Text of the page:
We need a more in-depth look at aging, disabilities
This is the first of a three-part series.
In a college psychology class, I was introduced to Erik Erikson’s eight stages of psychosocial development. In all honesty, I was not too intrigued with the subject matter. Being classified into a predetermined order of life was offensive to me. That I now find myself immersed in a career and passion for the last two stages of development — generativity vs. stagnation (35 to 65 years) and integrity vs. despair (65 and older) — is ironic.
In my own clinical observations of older adults, I find that many elders place greater emphasis on psychosocial factors, independence and absence of disease or disability as being a key to successful aging.
While the meaning of successful aging varies from person to person, achieving our own version has societal challenges.
We have all heard the phrase, “Live life to its fullest.” With that mindset, we forge forward with our own methods to fulfill our destinies. Some of us will start families, others will want to play sports as kids and young adults, many will begin businesses, and there will even be a few who will sail around the world. For each of us, there is a unique life waiting. Regardless of the chosen path there is one inevitable eventuality — our mortality.
The minute we are born the aging process begins. It’s true, we have lots of growing to do and years of developing before we consider ourselves as entrenched within the aging process. However, our time on this planet is limited, and from that perspective, beginning from our birth we are moving continuously toward mortality.
YOUR ODDS INCREASE
As you might deduce, the probability of developing a disability seems to increase as the aging process progresses. For example, if we all agree that the required use of a wheelchair is a disability, we might also all agree that we see more elder people in wheelchairs than people younger than 65. So it would seem that as we age, the likelihood of incurring a disability also increases.
In other words, as we age the chances of incurring a disability increase. And by some definitions of disability, we will all be classified as disabled.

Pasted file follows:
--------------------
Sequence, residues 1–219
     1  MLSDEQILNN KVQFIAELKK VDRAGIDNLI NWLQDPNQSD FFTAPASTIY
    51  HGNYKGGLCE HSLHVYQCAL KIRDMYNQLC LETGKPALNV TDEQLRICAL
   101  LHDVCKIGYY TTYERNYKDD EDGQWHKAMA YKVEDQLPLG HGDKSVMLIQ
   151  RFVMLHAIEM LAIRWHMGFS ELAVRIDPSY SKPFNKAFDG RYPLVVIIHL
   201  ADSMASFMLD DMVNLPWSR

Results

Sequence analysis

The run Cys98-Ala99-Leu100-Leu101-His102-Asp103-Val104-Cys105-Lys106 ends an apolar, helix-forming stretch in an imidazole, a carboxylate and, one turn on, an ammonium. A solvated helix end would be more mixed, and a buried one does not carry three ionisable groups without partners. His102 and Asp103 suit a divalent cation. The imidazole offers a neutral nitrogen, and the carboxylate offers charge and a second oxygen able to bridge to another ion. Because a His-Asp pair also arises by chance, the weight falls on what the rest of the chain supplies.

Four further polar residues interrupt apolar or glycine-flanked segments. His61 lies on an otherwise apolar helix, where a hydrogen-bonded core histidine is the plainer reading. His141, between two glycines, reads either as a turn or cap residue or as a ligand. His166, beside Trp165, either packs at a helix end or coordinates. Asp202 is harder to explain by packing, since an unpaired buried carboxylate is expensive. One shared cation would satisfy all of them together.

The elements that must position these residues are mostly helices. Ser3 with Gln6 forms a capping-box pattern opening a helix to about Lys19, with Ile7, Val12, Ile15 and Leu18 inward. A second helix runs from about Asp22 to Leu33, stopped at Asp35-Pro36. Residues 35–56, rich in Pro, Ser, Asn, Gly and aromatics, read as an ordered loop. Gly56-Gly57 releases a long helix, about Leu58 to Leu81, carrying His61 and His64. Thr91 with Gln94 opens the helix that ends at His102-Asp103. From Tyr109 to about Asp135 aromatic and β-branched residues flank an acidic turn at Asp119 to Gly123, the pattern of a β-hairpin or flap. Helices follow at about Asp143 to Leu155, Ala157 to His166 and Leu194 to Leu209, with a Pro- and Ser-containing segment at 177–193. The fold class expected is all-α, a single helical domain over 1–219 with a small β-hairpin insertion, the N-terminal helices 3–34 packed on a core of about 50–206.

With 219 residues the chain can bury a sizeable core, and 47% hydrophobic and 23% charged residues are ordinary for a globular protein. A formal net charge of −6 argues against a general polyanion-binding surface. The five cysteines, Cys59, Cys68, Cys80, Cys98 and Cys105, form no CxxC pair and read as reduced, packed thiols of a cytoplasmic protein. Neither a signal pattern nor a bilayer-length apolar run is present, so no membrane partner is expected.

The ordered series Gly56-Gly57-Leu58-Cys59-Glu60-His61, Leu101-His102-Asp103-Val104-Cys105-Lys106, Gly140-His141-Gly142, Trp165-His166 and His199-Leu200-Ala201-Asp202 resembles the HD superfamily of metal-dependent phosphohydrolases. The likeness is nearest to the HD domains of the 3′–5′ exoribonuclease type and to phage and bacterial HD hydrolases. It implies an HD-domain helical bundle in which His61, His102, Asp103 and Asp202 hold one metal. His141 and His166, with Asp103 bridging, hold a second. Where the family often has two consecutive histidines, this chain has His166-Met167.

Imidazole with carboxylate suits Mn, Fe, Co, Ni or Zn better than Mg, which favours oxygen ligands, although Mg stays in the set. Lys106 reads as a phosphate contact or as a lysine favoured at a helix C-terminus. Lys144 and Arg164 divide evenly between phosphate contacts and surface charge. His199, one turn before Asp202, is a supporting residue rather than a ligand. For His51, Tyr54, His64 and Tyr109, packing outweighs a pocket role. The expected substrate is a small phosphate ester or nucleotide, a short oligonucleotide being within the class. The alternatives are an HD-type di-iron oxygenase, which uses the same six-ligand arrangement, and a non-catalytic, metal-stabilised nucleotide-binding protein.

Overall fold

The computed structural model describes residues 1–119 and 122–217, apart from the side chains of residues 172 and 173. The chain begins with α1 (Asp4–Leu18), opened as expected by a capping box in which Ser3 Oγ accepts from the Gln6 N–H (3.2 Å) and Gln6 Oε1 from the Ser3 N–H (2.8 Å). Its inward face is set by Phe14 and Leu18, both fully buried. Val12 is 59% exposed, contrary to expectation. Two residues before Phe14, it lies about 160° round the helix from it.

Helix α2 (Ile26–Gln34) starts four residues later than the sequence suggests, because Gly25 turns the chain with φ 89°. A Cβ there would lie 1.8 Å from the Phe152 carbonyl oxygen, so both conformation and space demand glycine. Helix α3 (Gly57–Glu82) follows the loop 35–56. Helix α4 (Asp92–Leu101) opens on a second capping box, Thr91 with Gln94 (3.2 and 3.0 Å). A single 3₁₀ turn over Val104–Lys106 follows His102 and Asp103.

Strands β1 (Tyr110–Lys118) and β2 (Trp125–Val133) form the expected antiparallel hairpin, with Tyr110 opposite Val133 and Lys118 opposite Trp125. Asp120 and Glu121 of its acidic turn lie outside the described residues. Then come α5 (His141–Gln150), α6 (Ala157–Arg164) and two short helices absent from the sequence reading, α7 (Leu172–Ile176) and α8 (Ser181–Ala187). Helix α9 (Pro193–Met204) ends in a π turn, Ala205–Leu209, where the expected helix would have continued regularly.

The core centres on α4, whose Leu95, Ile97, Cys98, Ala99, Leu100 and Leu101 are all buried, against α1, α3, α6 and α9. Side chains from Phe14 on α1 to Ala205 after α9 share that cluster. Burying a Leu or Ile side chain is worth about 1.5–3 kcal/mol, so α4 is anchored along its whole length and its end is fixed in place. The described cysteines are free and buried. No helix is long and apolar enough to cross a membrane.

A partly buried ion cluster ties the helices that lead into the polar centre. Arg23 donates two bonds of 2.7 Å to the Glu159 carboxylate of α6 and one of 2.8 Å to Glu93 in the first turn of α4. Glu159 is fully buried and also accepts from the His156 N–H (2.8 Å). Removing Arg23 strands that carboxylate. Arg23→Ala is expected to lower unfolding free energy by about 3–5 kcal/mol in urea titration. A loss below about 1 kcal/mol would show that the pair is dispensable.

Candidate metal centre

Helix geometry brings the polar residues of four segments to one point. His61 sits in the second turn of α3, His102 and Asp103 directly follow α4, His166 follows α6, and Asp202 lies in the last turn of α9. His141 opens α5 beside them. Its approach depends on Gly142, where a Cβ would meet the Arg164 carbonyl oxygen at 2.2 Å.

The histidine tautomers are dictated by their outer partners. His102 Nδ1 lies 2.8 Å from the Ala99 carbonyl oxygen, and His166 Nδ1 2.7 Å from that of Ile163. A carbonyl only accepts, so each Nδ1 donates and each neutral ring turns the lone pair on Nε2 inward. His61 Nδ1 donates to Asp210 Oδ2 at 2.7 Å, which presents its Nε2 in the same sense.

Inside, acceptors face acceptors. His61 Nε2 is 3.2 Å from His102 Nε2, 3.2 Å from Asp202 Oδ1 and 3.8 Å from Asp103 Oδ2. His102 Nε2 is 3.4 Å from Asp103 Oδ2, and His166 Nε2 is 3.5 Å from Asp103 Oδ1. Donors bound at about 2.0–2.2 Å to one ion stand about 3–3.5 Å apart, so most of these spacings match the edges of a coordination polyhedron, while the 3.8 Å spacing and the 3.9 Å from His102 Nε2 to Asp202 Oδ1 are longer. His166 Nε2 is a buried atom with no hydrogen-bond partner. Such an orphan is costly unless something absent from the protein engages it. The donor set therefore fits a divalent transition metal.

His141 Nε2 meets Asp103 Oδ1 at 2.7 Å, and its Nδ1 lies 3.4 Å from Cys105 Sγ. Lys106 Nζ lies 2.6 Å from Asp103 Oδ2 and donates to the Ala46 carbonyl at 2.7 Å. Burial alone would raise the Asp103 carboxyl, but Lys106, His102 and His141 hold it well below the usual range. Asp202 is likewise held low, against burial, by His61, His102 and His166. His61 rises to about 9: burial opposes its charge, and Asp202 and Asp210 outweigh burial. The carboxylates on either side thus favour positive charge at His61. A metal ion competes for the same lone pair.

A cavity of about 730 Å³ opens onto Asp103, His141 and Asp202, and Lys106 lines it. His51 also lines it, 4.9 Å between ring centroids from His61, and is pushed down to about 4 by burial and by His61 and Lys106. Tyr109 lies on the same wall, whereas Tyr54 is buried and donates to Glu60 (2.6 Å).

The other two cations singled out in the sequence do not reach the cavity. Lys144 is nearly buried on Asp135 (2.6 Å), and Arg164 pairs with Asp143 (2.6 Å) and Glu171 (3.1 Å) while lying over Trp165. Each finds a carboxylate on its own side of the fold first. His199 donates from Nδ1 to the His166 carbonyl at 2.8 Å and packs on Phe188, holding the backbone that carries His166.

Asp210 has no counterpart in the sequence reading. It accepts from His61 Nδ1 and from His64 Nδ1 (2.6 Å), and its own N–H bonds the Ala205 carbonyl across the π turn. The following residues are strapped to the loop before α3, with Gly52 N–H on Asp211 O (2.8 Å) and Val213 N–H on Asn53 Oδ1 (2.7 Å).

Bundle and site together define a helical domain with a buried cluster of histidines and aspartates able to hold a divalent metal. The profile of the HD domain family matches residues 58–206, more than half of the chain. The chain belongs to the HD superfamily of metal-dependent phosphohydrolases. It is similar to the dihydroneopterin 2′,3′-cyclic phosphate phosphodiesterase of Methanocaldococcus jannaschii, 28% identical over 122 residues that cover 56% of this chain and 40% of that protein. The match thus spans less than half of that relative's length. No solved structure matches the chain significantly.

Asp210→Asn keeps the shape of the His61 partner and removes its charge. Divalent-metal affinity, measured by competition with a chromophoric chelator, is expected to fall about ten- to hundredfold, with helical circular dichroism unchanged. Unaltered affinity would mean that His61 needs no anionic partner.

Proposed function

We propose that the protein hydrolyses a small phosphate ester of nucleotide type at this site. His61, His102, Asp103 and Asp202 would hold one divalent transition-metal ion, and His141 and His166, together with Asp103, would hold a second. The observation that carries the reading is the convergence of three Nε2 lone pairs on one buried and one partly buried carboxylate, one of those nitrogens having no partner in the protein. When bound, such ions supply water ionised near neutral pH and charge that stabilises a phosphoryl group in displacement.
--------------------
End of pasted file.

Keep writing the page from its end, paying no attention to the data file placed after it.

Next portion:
So it would appear that aging and disabilities are linked. With that thought in mind, let me suggest that this week’s article is an introduction for a more in-depth look at how we perceive aging and disabilities, and how we also handle the treatment of both those concepts, in our social as well as political worlds.
Spend a moment and define aging and disability, then ask yourself: How does the medical field handle the treatment of a physical disability in a 70 year old versus a 35 year old — and why?
To further complicate the issue, how does the governmental bureaucracy and its vast medical machine offer treatments to each of these individuals? Lastly, we should define “disabled” in a more appropriate term for our elderly; especially considering the idea of eventual disability for us all. Would that open up more potential funding sources for care?
The world is changing
Attitudes and approaches to aging, disabilities and illnesses are changing. To be in the forefront of our industry, we at Visiting Angels work very hard to be creative and proactive not only in our operations but in our philosophical approach to providing services.
Next week, I will address differences in how we address and provide medical services to our aging population.
Judson Haims is the owner of Visiting Angels Home Care in Eagle County. Contact him at http://www.visitingangels.com/comtns or 970-328-5526.